Mexican food experts, please tell me what I'm doing here - I don't know. I'm relying on memories of my mis-spent youth visiting bars in Tijuana (too dangerous now, I think) and the delicious street-vendor tacos there. The "tacos" were carne asada chopped steak from an iron skillet over a wood fire. The meat was put on a fire-toasted soft tortilla, drenched with whichever of two "salsas" you wanted ("You want it hot for a Mejicano or hot for a gringo?") then rolled up in the tortilla. Asking price was a quarter but they'd take a dime.
I've duplicated that "salsa" with good success, in fact I can it in pint jars. My wife calls it my "runny salsa" or "capsaicin soup". I hand-chop, fine, some very hot peppers seeds and all (we have a permanent indoor/outdoor pot of Maui Purple Peppers), some cilantro, and some onion, and boil those for 10 minutes or so in water. I stir that so every jar will get its share of tiny pepper, cilantro, and onion pieces, then spoon it into pint canning jars and boil and seal them. Once opened, a jar stays in the 'fridge until it's used up.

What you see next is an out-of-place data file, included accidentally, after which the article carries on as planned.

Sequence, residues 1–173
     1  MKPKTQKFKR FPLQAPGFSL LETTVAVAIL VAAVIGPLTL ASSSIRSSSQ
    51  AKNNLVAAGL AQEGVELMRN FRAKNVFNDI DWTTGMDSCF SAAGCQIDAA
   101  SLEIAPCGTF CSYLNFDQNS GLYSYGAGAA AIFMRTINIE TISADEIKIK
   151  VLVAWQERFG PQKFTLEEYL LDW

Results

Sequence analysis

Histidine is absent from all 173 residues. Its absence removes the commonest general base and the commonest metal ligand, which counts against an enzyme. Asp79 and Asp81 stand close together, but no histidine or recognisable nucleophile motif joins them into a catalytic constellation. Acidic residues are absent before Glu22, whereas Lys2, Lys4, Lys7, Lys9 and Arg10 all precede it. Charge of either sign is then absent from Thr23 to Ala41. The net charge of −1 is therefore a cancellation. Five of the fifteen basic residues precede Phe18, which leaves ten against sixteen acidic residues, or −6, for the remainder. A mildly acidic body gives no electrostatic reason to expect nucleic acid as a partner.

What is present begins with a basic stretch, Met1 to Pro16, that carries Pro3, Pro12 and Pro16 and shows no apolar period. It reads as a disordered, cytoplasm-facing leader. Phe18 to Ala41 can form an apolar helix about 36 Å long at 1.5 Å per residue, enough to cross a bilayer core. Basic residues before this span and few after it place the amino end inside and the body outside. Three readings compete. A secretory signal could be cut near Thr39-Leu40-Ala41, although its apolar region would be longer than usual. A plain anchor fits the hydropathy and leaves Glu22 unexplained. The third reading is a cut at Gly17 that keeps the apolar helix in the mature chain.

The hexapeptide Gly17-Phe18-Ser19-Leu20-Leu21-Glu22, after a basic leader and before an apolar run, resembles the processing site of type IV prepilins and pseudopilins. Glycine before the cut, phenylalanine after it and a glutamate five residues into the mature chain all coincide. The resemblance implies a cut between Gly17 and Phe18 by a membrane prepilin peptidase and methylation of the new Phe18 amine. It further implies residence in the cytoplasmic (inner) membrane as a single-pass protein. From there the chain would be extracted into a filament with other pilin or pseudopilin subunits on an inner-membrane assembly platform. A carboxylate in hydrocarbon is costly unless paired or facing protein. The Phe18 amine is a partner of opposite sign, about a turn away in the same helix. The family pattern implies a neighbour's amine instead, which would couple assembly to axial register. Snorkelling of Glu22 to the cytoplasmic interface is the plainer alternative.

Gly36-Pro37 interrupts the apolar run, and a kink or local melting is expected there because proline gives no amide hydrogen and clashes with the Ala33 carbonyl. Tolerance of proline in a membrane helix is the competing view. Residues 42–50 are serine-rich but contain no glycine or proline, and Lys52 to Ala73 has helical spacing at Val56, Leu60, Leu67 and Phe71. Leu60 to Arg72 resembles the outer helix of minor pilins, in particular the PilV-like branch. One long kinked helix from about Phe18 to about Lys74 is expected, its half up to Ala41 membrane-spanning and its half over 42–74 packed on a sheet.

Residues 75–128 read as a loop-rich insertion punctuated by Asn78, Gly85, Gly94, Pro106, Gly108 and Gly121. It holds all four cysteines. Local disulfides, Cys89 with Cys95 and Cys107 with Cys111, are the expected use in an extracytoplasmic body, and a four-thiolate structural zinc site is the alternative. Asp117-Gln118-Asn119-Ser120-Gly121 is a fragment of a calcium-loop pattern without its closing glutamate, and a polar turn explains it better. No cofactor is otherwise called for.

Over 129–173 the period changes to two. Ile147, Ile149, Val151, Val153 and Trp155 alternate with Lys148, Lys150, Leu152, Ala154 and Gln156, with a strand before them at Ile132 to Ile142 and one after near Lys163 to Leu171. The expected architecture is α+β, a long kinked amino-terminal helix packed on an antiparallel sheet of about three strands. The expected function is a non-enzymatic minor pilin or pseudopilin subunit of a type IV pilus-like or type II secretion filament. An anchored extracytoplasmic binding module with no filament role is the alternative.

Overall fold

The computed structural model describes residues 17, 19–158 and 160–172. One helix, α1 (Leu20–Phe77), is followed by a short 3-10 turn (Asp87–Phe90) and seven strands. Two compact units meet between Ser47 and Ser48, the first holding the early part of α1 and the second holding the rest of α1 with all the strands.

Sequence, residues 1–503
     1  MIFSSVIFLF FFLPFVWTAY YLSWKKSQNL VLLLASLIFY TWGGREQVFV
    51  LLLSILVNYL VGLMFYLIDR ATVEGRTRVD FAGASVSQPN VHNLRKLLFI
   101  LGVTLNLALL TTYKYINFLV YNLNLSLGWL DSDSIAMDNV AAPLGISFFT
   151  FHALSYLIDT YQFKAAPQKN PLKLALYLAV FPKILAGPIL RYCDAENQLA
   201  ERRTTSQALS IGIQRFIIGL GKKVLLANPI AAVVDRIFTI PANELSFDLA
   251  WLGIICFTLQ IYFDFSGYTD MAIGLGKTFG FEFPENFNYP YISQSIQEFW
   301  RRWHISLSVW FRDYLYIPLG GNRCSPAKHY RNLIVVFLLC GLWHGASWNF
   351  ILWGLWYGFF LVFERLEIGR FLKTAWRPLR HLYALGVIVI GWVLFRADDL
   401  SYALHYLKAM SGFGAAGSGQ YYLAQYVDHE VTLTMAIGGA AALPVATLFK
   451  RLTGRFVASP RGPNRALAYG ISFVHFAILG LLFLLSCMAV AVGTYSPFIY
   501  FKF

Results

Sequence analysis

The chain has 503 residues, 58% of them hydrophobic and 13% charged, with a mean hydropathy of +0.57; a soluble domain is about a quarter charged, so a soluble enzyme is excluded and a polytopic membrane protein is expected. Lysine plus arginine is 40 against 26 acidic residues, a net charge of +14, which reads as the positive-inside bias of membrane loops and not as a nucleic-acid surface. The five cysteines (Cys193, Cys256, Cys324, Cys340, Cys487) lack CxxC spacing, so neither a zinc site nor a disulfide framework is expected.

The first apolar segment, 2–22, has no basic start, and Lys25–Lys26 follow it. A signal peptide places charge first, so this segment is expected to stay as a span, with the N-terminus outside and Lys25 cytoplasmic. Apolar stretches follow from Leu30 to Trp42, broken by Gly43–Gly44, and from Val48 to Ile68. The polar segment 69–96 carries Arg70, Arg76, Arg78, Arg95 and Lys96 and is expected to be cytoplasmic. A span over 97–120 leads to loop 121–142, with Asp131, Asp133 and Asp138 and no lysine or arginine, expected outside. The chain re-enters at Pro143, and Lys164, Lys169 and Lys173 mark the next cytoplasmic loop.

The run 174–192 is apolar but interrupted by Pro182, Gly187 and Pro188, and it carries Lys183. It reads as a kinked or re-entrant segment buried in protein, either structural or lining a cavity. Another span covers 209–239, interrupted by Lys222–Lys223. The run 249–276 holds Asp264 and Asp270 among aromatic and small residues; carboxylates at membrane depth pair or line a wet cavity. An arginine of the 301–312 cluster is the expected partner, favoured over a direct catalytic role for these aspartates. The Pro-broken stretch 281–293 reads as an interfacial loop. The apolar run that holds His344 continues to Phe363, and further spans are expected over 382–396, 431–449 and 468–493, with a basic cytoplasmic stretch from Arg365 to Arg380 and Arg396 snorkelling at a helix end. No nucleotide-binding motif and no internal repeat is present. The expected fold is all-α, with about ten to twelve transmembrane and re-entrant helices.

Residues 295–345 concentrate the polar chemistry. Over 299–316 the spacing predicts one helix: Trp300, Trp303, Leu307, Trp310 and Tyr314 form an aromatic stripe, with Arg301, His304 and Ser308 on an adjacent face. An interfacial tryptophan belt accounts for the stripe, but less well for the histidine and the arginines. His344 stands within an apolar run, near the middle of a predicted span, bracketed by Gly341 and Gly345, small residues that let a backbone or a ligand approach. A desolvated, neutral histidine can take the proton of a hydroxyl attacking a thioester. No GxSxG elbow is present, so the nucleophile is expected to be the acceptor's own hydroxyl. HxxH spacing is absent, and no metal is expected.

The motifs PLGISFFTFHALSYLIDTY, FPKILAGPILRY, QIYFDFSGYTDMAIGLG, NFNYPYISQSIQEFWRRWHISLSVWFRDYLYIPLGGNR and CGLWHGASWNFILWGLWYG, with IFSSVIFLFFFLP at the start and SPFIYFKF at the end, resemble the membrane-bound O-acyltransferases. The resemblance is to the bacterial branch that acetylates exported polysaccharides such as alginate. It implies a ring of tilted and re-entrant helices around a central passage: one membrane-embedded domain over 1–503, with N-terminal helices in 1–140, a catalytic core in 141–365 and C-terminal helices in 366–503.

To use this, I stir to get the solids mixed in then dribble it with a spoon over many Mexican dishes, especially carne asada anything. GOOD!
So, how authentic is this kind of salsa - if it is at all? Are there any fine points about it that I'm missing? Thanks.